Update from the Iowa European Office

July 7, 2022

European Union Update

U.S.-EU Trade and Technology Council (TTC): The European Union and the United States announced the TTC on June 15, 2021 as a forum for the EU and the U.S. to coordinate approaches to address key trade and technology issues, and to deepen transatlantic cooperation based on shared democratic values. Ten working groups were set up last September covering issues such as standards, artificial intelligence, semiconductors, export controls and global trade challenges. At the most recent meeting in Paris on May 16, 2022, both parties agreed on goals, which include:
  • Support to Ukraine – Rebuild its economy and facilitate trade and investment.
  • Trade and Labor Dialogue – Promote internationally recognized labor rights, eradication of forced labor and child labor.
  • Trade barriers – Find solutions that will help increase transatlantic trade and investment, including through increased cooperation on government procurement and conformity assessment, and exchanges on potential new trade barriers both bilaterally and in relation to third countries.
  • Export controls – Deploy export controls on advanced technologies, such as aerospace and cyber surveillance, to undermine Russia's ability to further develop its industrial and military capabilities.
  • Secure supply chains – Advance the resilience of supply chains; for example, develop a common early warning and monitoring mechanism on semiconductor value chains.
  • Technology standards – In the field of emerging technologies, establish a Strategic Standardization Information (SSI) mechanism to promote and defend common interests in international standardization activities in areas of shared strategic interest such as AI, additive manufacturing, recycling of materials or Internet of Things.
  • Environmental and climate aspects of trade and technology – Promote sustainability at the core of the TTC: work on trade and environment/climate issues, a better understanding of the role that trade can play in facilitating the dissemination of environmental goods and services; take a closer cooperation on green public procurement and work on common methodologies for carbon foot printing.

The next meeting of the TTC is planned before the end of 2022 in the United States.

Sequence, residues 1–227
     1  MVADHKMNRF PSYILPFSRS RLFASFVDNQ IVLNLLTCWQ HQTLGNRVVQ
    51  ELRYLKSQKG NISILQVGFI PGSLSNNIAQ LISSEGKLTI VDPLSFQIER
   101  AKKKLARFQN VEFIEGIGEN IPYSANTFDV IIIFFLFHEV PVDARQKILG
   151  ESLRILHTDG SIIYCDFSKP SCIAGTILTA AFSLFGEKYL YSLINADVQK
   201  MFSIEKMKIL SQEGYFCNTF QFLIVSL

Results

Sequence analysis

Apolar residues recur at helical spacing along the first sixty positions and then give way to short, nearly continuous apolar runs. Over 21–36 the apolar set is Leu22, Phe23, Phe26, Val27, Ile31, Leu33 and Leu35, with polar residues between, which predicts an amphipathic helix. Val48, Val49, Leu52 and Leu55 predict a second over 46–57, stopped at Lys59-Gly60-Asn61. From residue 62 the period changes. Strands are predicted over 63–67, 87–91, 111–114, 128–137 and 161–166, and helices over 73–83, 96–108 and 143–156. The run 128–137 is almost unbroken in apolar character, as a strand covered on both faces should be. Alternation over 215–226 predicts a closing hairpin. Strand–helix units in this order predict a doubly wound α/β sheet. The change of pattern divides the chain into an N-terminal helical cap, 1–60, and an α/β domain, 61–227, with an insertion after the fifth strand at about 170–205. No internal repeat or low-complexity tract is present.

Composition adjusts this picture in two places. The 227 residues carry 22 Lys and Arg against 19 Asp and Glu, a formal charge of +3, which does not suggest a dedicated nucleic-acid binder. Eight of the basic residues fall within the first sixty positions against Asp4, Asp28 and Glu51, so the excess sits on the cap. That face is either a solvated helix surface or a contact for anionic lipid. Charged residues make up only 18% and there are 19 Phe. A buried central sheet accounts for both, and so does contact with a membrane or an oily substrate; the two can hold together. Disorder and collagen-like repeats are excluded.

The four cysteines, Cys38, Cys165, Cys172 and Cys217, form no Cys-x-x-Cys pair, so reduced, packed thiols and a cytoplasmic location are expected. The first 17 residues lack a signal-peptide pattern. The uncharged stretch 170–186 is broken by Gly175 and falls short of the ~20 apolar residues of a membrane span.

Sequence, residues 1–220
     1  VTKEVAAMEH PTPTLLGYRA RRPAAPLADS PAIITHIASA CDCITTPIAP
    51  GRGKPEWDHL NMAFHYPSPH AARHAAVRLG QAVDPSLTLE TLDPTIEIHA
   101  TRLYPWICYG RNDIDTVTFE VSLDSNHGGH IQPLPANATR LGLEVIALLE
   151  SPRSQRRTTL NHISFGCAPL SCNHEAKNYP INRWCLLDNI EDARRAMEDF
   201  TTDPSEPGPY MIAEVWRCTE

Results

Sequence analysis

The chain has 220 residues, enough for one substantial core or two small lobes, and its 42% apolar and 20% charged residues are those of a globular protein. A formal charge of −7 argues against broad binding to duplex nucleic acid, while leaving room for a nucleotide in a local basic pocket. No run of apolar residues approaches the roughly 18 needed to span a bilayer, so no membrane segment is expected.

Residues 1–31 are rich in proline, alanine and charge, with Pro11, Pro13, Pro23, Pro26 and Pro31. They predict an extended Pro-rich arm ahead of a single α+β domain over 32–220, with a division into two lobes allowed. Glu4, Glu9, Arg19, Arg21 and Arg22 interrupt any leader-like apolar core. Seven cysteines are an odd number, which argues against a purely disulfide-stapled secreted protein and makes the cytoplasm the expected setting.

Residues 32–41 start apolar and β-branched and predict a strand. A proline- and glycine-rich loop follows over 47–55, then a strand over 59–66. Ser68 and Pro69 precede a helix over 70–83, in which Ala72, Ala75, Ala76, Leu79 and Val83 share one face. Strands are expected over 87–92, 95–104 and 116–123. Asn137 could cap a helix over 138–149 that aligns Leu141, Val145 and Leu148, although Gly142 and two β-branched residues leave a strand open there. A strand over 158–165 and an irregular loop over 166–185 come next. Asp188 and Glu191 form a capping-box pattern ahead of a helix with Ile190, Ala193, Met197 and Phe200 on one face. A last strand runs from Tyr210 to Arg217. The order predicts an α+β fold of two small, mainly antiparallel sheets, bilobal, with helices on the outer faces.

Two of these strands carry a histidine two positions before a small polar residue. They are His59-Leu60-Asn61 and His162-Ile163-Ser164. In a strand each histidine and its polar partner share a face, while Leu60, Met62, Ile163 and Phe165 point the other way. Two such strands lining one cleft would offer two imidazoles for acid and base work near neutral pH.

Source: https://ec.europa.eu/commission/presscorner/detail/en/IP_22_3034

Ban on Combustion Engine Cars: On June 8, 2022, EU lawmakers voted to mandate that all new car and van sales should be zero emissions from 2035 as part of efforts to clean up road transport. The legislation is a key part of the Fit for 55 package (the EU master plan against greenhouse gas emissions) and mandates that carmakers should reduce their fleetwide emission averages by 100% from 2035, with interim steps in 2025 and 2030. Environment ministers are set to sign off on their version of the legislation at a summit in Luxembourg on June 28, 2022.

“Harmonized” charging cable: Starting Fall 2024, all small and medium-sized portable electronic devices on the EU market and accessories, such as mobile phones, tablets, cameras, keyboards, speakers, headphones, headsets and earbuds, will be required to use one common form of charging cable, i.e., a USB-C port. Laptops will have to be adapted to fit the requirements 40 months after they come into force. The rule change aims to reduce hassle for consumers as well as electronic waste, as it will enable consumers to use older chargers for new devices.

Germany Update

G7 presidency: In 2022, Germany has assumed the G7 presidency, and it has set itself a number of goals for its one-year presidency of this group of seven leading democratic economies (U.S., Germany, France, UK, Italy, Japan, Canada; the European Union attends all meetings). The highlight will be the G7 summit that is to take place in the Bavarian Alps at the end of June. Focal points include climate protection, fighting the COVID pandemic and international cooperation. The G7 states reacted with an unprecedented package of sanctions against Russia and pledged financial and military support for Ukraine. As a result of the war, global food security has become a key concern. Germany is pushing strongly for an internationally agreed response to counteract the threat of a world hunger crisis resulting from the absence of grain exports from Ukraine. The G7 is not an international organization, but an informal forum – which is why the country that holds the presidency has an important role to play and determining agenda focus.